Financial and Technology News

Average take-home pay rises nearly 3%

The average monthly take-home wage rose 2.7 percent to NT$42,495 (US$1,409) in December last year, while total pay grew 7.01 percent to NT$53,667 after adding overtime and performance-based remunerations, the Directorate-General of Budget, Accounting and Statistics (DGBAS) said yesterday.
The latest wage figures helped elevate average monthly take-home pay by 2.26 percent to a record high of NT$41,883 for the whole of last year, as local firms emerged unscathed from the US-China trade dispute, the statistics agency said.
“Monthly salary adjustments were quite obvious, with an increase of more than 2 percent last year,” DGBAS Deputy Director Pan Ning-hsin (潘寧馨) told a media briefing in Taipei.
The pay increase came as some Taiwanese firms moved their manufacturing bases to Taiwan from China to avoid punitive tariffs imposed by the US on Chinese goods, making them less susceptible to the trade row.
Some local companies also benefited from order transfers from Chinese firms aiming to cut dependence on US suppliers.
Last year’s overall average wages, including bonuses and commissions, amounted to NT$56,652 an increase of 2.4 percent, the statistics agency said.
After adjustments for inflation, real average take-home pay gained 1.69 percent to a 16-year high of NT$40,842, while total average compensations rose 1.84 percent to NT$53,667, it said.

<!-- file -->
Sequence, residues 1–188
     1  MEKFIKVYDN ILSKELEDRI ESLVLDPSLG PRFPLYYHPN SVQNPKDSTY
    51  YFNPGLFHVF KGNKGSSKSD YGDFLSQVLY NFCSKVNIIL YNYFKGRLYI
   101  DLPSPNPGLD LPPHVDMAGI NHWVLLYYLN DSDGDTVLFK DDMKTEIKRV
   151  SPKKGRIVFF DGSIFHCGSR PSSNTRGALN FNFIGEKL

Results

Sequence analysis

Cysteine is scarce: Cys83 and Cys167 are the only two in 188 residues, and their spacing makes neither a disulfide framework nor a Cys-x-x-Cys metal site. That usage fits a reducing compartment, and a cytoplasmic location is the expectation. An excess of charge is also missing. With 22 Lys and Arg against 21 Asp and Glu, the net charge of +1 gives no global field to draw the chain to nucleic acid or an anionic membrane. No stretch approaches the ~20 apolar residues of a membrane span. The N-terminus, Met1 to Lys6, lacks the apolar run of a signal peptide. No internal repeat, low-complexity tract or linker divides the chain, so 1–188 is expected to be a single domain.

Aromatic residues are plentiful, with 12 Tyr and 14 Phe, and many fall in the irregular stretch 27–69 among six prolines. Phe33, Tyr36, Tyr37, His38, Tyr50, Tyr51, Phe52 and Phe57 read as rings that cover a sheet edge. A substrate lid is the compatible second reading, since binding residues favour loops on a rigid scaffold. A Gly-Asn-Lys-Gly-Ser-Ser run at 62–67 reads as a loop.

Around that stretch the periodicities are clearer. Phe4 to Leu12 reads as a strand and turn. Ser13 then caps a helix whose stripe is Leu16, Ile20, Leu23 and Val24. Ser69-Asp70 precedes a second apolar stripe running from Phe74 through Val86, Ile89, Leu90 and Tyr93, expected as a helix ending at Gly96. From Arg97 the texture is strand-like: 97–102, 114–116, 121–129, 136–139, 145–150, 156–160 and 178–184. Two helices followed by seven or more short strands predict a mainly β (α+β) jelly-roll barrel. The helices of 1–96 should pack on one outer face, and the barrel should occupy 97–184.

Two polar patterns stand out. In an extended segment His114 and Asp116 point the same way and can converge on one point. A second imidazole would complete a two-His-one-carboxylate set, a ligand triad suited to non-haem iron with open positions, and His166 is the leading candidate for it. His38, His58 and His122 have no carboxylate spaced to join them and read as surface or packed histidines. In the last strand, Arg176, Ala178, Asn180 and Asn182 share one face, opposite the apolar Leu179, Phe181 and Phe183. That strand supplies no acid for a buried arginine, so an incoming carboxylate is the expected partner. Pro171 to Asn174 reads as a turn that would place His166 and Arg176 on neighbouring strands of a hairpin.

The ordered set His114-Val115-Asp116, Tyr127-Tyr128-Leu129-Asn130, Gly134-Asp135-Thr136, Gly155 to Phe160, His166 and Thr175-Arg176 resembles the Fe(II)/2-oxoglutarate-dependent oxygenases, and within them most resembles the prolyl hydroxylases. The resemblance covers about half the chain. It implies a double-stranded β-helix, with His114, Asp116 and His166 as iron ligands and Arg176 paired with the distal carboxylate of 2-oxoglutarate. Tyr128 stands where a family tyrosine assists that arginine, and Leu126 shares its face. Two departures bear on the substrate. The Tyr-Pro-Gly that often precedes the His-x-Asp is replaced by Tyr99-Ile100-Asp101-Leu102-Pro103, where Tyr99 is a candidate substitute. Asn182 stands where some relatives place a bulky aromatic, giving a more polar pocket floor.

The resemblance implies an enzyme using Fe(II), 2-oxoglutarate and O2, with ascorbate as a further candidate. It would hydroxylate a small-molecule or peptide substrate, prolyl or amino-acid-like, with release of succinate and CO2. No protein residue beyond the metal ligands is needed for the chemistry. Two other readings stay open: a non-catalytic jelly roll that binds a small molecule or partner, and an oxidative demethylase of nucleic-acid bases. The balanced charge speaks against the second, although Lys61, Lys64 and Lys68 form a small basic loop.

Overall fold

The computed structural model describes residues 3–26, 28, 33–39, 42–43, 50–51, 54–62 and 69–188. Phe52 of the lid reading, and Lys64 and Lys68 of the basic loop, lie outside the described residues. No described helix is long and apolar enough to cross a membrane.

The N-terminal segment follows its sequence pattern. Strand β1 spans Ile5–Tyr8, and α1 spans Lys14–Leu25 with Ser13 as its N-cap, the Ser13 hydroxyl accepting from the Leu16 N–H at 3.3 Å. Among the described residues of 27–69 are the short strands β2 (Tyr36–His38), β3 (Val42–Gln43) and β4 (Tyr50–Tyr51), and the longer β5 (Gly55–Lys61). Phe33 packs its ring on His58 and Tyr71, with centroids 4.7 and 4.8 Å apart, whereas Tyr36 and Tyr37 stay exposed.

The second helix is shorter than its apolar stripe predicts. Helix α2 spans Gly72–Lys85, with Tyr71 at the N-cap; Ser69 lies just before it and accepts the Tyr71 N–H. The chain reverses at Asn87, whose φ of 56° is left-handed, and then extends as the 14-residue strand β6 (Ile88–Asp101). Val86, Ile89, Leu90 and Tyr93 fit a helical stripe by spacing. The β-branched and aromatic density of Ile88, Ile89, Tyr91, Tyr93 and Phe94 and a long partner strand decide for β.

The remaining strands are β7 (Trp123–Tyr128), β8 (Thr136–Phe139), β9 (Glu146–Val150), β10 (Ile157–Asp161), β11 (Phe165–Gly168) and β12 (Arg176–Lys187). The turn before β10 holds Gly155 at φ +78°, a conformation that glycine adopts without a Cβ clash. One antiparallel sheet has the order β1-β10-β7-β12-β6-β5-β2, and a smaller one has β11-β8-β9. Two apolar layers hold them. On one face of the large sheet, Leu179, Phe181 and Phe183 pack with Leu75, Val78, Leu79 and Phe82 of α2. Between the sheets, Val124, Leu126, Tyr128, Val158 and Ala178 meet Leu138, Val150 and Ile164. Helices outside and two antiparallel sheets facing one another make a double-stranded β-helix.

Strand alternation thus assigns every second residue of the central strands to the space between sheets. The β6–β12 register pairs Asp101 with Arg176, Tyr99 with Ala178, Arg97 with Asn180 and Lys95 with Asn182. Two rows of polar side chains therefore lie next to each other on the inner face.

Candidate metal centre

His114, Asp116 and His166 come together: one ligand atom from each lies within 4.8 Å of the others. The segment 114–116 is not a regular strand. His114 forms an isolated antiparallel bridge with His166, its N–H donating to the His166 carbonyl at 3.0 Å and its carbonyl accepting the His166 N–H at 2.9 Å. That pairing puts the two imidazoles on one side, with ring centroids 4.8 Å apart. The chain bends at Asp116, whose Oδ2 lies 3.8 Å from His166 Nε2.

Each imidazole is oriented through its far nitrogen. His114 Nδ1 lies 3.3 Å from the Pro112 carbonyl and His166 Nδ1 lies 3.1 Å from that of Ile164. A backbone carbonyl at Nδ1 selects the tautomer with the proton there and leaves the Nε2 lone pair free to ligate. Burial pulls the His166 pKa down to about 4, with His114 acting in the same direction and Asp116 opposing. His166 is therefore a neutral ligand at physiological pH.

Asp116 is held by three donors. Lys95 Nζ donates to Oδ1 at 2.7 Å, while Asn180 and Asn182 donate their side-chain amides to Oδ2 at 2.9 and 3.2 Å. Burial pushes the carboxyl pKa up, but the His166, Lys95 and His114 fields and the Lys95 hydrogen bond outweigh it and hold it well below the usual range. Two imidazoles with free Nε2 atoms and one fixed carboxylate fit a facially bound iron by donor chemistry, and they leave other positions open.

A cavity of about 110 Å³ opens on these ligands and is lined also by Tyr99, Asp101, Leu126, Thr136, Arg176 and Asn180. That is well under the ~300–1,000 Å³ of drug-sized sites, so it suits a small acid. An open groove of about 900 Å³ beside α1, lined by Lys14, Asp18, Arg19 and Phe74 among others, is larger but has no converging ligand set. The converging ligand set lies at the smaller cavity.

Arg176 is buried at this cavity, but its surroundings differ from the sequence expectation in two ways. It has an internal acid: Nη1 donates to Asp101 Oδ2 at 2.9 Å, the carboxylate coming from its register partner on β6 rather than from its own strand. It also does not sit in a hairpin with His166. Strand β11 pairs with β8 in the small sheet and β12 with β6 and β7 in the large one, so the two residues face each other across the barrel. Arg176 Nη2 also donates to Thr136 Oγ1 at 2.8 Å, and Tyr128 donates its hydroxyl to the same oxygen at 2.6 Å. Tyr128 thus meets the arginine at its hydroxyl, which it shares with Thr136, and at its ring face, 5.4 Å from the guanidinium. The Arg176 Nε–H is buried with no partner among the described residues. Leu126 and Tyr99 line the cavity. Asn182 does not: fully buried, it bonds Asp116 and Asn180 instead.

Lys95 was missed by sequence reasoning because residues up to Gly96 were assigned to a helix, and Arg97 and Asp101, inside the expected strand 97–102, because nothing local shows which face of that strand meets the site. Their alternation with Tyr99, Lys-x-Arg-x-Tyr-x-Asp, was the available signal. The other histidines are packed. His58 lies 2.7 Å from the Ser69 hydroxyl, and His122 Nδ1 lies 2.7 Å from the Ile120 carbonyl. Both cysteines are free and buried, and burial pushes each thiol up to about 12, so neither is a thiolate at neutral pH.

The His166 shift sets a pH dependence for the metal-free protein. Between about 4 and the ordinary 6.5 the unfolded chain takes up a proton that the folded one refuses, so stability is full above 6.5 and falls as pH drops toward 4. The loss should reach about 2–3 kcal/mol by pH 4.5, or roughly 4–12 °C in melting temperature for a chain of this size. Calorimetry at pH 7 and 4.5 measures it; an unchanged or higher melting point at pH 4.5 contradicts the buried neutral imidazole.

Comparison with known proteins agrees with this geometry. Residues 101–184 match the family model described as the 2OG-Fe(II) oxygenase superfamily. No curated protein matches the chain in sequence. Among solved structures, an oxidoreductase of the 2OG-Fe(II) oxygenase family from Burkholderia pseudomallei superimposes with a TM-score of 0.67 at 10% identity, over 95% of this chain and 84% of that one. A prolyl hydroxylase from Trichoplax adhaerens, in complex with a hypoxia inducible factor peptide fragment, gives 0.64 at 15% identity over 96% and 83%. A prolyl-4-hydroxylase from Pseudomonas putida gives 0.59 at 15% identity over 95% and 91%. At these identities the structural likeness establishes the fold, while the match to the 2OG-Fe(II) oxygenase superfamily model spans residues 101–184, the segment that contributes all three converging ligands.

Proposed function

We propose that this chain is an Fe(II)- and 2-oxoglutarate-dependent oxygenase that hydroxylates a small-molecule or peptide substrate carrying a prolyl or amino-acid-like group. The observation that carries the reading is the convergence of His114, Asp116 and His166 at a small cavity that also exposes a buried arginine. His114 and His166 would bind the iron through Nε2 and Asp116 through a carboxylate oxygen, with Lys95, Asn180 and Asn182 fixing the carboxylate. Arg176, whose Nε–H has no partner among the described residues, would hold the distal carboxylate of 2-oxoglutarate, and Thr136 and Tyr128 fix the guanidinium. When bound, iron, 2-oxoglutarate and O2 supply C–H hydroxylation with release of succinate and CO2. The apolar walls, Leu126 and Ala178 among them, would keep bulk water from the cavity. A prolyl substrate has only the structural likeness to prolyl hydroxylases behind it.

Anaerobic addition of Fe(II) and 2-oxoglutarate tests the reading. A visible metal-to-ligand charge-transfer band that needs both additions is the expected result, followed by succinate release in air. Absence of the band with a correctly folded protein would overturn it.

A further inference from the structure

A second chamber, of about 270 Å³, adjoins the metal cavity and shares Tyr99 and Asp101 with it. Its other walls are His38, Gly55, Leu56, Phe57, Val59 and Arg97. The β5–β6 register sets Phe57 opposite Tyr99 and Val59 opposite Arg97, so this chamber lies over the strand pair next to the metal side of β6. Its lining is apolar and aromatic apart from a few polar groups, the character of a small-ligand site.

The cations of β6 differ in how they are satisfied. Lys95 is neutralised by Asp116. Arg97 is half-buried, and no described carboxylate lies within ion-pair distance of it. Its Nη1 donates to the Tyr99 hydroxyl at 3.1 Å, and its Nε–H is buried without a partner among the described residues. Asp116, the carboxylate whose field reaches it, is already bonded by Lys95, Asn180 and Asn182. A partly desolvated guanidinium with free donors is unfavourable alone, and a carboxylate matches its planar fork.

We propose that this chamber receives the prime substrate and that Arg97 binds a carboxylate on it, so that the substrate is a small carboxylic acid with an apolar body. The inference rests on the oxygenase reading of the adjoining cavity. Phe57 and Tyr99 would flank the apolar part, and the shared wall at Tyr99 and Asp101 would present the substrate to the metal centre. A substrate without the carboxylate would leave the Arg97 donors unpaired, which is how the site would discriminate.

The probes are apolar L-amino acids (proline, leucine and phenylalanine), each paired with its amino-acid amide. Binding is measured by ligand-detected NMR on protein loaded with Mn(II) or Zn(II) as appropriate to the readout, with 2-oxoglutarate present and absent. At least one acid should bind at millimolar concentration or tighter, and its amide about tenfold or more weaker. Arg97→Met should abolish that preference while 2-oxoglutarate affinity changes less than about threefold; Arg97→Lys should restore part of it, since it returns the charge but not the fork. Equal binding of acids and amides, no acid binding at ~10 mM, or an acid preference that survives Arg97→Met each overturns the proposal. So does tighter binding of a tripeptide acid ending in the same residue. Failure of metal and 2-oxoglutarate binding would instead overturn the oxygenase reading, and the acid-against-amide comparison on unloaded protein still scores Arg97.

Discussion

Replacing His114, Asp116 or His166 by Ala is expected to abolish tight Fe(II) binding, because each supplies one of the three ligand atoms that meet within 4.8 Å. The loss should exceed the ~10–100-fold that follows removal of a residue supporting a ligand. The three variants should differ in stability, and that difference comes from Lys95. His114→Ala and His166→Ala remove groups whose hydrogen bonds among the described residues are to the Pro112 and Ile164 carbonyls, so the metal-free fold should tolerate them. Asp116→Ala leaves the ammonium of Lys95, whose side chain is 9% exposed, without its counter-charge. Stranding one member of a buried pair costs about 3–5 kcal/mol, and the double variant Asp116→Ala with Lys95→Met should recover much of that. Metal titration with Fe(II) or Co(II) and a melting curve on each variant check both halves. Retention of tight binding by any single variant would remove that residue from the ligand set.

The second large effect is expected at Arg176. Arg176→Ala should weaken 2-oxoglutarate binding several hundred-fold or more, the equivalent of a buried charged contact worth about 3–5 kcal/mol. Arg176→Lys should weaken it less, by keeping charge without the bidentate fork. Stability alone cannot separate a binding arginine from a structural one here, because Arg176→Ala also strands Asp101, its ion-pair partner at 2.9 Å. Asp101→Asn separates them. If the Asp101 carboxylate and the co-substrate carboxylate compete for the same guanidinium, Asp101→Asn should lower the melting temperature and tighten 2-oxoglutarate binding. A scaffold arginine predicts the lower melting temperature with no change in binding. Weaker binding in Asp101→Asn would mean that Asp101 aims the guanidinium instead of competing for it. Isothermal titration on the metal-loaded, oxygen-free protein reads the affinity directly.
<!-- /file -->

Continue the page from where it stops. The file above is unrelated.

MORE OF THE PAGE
People who worked for banking institutions had the highest average monthly pay at NT$104,934 per month, followed by employees at transportation companies at NT$97,545 and electricity and gas suppliers at NT$96,110, the DGBAS said.
People working at educational facilities — excluding public and private schools — had the lowest average monthly compensation at NT$26,971, followed by hair salons at NT$29,625 and restaurants at NT$34,199, it said, adding that the large number of part-time employees in those sectors dragged down the wage tally.
For December last year, the number of working hours increased to 177.9, a gain of 6.7 hours from a year earlier, reflecting higher labor demand, the agency’s monthly report showed.
For the entirety of last year, Taiwanese worked 169.1 hours per month, 0.3 hours fewer than in 2018, it said.
The job pool expanded 1.14 percent to 7.96 million last year, as manufacturing sectors added 5,000 employees, while hotels and restaurants increased headcounts by 11,000, it said.
Asked about the COVID-19 outbreak in China, Pan said it is unlikely that companies would cut wages as a result of the virus, but it could constrain the pace of wage increases as seen during the SARS outbreak in 2003.
Wage increases tapered off to 0.17 percent when SARS struck, Pan said.